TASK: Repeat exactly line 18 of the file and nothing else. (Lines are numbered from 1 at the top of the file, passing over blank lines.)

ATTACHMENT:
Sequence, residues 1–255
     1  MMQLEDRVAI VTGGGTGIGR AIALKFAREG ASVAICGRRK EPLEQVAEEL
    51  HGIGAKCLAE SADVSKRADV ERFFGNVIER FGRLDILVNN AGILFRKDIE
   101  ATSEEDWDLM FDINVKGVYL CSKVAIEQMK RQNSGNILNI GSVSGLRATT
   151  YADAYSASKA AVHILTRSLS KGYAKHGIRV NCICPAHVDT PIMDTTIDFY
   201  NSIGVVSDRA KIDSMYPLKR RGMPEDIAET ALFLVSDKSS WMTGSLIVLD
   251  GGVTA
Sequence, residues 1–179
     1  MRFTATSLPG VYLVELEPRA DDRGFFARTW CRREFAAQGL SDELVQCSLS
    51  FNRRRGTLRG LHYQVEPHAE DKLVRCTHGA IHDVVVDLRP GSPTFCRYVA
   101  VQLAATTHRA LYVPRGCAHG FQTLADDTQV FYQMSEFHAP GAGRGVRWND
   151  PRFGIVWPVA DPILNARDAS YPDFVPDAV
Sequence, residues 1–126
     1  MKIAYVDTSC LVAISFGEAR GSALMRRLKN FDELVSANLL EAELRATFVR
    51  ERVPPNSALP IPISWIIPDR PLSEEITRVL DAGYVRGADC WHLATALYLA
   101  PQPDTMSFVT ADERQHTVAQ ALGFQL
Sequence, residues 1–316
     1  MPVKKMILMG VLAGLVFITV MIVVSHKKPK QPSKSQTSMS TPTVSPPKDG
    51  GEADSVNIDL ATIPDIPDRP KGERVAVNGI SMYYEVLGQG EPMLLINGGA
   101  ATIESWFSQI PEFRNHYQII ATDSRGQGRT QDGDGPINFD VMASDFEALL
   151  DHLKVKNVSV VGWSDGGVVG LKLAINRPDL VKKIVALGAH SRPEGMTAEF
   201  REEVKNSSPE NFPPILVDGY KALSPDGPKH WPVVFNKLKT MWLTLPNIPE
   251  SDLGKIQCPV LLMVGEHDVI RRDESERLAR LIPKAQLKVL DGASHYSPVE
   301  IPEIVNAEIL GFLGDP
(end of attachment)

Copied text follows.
     1  MPVKKMILMG VLAGLVFITV MIVVSHKKPK QPSKSQTSMS TPTVSPPKDG